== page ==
Moeran: Symphony in G minor; Sinfonietta

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4.0 out of 5 star rating 4.0

WORKS: Symphony in G minor; Sinfonietta
PERFORMER: Bournemouth SO/David Lloyd-Jones
CATALOGUE NO: 8.555837
Moeran sometimes needed a strong model to get his compositional juices flowing, such as Sibelius in the Symphony and Walton in the Sinfonietta. It’s fun to hear which parts of the former are Tapiola on the Norfolk Broads, and which of the latter are Portsmouth-pointed. But Walton himself needed Sibelius by his elbow when he came to write his First Symphony, and Moeran’s voice remains an individual one. Living as he did, with a metal plate in his skull as a constant reminder of near-fatal war wounds, it’s a miracle he wrote pieces as strong as these – enlivening, evocative, defiant against depressive undertow. They are not perfect works – Moeran was a composer burdened with more than his fair share of stylistic and creative problems – but they are nevertheless classics of the British orchestral repertoire that deserve more performances than they get. The excellence of the Symphony’s material, its moments of exultation and East Anglian melancholy (anticipating Peter Grimes), the sweep and inventiveness of the Sinfonietta’s magnificent central variation movement – these are not eroded by time.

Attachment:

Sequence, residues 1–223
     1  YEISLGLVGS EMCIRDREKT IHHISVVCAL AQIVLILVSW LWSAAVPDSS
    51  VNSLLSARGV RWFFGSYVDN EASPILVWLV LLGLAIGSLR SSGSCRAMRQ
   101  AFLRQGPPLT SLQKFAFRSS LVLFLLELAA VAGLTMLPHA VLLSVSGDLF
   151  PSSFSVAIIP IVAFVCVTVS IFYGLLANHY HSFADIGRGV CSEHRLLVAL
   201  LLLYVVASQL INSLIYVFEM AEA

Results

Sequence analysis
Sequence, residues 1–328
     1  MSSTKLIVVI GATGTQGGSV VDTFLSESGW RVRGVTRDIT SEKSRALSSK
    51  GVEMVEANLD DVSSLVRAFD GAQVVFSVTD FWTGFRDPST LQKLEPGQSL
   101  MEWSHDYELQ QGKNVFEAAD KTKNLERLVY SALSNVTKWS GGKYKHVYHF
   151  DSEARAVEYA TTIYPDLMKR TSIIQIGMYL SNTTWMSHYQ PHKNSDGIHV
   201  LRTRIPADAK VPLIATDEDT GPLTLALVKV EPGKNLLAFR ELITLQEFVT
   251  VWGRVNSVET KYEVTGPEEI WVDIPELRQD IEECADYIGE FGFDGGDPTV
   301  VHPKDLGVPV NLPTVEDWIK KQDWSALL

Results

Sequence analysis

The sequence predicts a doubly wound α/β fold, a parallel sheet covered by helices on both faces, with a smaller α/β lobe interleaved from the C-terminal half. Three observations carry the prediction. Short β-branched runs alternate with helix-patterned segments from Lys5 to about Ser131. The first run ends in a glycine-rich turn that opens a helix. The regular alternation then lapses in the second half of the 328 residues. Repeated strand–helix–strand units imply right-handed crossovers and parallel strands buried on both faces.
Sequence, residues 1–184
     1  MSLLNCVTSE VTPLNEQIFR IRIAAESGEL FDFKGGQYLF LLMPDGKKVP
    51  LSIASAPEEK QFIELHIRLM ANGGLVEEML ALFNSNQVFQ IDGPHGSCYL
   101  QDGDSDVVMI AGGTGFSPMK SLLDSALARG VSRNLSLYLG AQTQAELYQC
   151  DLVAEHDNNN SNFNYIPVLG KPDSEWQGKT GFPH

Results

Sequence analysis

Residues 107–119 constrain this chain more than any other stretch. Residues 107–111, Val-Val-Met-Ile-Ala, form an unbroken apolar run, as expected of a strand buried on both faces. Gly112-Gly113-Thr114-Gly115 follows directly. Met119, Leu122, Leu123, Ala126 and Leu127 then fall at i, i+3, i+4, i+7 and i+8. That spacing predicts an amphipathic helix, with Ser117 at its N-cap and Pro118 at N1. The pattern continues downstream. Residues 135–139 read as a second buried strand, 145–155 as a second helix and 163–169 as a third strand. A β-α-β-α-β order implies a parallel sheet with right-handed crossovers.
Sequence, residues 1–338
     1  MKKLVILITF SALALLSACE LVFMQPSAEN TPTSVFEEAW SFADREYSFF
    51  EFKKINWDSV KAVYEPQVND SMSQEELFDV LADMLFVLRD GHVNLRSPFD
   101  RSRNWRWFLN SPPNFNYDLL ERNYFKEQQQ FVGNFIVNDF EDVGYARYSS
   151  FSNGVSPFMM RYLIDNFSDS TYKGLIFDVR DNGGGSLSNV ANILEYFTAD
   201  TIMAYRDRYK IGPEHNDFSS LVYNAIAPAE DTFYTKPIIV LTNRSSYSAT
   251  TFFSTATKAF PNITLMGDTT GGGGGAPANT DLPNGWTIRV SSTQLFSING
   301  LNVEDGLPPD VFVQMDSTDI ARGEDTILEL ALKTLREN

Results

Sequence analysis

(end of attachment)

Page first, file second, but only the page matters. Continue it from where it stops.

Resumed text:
David Lloyd-Jones and the Bournemouth SO maintain the excellent standard of their Bax orchestral series for Naxos (will they now give us Moeran’s concertos, the Serenade, the Rhapsodies?) but these two works have generally been fortunate in their few previous recordings. The Symphony’s debut on 78rpm under Leslie Heward, 60 years ago, remains unsurpassed for intensity and the sound remains astonishingly fine; Vernon Handley (Chandos) remains a good hi-fi alternative. Boult’s magisterial Lyrita account of the Sinfonietta is now sadly unavailable, but Hickox (EMI) and Del Mar (Chandos) are highly competitive. Calum MacDonald